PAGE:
What you really need to know about the EU GDPR (Part 3) - Do you require a DPO?

What you really need to know about the EU GDPR (Part 3) - Do you require a DPO?

We’ve reached the final post of NW Security’s three-part blog series helping local businesses get to grips with the impending EU GDPR. This post discusses the requirement for many organisations to appoint a Data Protection Officer (DPO) under the EU General Data Protection Regulation (GDPR), and highlights the experience needed for those who will fill the role.

As of 25th May 2018, many organisations will be required to appoint a DPO under the new EU GDPR. And it is here that we encounter the first sticking point; is your business one of those that needs to fill this position? 

Does my business require a DPO?
It is recommended that to help alleviate a potential regulatory headache and avoid fines that could severely impact a business’s finances, every organisation should consider appointing somebody that will be responsible for ensuring GDPR compliance. That said, the ‘official’ answer is that a DPO must be appointed by all public authorities; any organisation carrying out systematic monitoring of individuals on a large scale; all companies whose core activities involve processing data related to criminal convictions and offences, or other special categories such as genetic and health data. It is also worth clarifying that, for an organisation where the DPO role is not mandatory, the person taking on this responsibility should be given an alternative title, such as ‘Senior Data Practitioner’.

The DPO role will be varied and requires a time-commitment that will include providing security training regarding data protection processes; averting costly security breaches; and holding a company to account for security failings, all while remaining impartial. Although the interpretation of these criteria will be debated in the months ahead, it is important that whoever fills the position has the capacity, and the required security knowledge, to take on such a role.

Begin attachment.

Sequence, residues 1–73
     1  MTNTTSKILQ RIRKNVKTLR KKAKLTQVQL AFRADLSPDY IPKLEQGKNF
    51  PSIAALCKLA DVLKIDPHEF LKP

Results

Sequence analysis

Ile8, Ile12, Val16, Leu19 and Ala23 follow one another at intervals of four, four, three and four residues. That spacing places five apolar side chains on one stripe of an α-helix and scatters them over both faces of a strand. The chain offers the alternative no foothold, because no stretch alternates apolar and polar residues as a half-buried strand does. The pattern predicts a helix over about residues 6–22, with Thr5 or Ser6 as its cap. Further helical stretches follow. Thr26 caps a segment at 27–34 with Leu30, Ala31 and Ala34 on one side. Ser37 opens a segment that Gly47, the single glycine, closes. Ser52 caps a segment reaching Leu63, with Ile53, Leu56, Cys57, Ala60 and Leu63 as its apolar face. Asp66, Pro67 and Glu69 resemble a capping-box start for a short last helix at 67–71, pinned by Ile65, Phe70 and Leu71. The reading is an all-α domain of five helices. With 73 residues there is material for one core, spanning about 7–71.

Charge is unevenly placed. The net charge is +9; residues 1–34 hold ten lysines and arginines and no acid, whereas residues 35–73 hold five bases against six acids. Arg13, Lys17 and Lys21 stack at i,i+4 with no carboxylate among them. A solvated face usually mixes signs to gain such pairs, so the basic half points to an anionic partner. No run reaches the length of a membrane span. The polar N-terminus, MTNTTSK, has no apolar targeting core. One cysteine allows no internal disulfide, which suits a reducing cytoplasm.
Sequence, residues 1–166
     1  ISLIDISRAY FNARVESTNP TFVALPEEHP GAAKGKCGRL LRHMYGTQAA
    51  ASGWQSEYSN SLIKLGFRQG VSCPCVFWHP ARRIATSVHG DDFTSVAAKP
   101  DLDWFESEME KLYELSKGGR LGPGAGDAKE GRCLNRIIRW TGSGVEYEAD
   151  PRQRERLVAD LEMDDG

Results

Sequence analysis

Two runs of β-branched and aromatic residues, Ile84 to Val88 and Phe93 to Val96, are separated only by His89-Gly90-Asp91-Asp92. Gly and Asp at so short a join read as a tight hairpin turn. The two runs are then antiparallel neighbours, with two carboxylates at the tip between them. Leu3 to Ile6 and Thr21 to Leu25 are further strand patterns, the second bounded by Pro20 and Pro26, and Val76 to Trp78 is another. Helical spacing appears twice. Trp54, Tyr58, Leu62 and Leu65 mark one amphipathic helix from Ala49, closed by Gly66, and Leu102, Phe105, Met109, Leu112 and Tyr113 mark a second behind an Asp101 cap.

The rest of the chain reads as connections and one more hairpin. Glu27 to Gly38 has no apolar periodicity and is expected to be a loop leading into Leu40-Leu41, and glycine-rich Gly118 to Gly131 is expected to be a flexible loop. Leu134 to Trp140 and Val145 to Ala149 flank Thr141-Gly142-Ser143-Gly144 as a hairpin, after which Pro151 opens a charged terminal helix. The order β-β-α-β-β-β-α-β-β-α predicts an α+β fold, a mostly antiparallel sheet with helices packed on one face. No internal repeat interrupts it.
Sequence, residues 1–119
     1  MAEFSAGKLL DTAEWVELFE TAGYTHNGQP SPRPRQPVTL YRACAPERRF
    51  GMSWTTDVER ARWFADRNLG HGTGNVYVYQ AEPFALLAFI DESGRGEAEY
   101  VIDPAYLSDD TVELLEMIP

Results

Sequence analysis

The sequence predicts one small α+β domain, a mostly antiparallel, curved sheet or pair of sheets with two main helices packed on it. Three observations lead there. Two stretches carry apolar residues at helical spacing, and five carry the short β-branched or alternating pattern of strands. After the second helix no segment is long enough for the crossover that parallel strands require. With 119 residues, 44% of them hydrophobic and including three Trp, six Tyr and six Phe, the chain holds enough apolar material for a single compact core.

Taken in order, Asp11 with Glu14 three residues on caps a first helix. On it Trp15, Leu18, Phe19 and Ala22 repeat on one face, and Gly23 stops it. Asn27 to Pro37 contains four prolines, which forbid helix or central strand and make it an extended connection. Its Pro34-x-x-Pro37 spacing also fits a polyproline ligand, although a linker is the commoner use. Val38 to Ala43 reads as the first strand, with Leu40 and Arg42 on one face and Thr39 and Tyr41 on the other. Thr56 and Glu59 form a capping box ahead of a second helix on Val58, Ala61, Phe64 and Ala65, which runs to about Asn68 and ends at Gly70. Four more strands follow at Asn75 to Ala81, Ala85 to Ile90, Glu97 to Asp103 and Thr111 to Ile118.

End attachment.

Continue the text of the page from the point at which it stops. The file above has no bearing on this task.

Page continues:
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Who should take on the position?
Although some companies may not officially require a DPO, the consensus is that one person should be responsible, either internally or externally, for ensuring regulatory compliance. The next stage is determining who could have both the capacity and security knowledge to fill the position. Beyond the security training, liaison with the Information Commissioner’s Office (ICO), and ensuring best practice is upheld, any new process that is introduced within an organisation will need to undergo a Data Protection Impact Assessment (DPIA) to ensure privacy by design - a lengthy task itself. 

Furthermore, the DPO Guidance also states that those who take on the role must not have a ‘conflict of interest’. This means that they can’t be involved in the collection or processing of the personal data they have been tasked with protecting. The problem is that this limits the options of who can fill the position, almost certainly ruling out most senior management as well as security and IT teams.

In larger organisations, it may be possible to recruit top talent, however, for smaller companies with limited budgets, it may not be reasonable to recruit a full-time employee. One alternative could be an outsourced, part-time DPO. This could deliver the right mix of skills and the impartiality, without the financial burden of a new member of staff. 

NW Security’s Data Protection Service could help your business meet its GDPR requirements, acting as an outsourced DPO so you can concentrate on your core business safe in the knowledge that GDPR compliance is assured: https://www.nwsystemsgroup.com/security-consultancy-training/gdpr/data-protection-officer-dpo-service 

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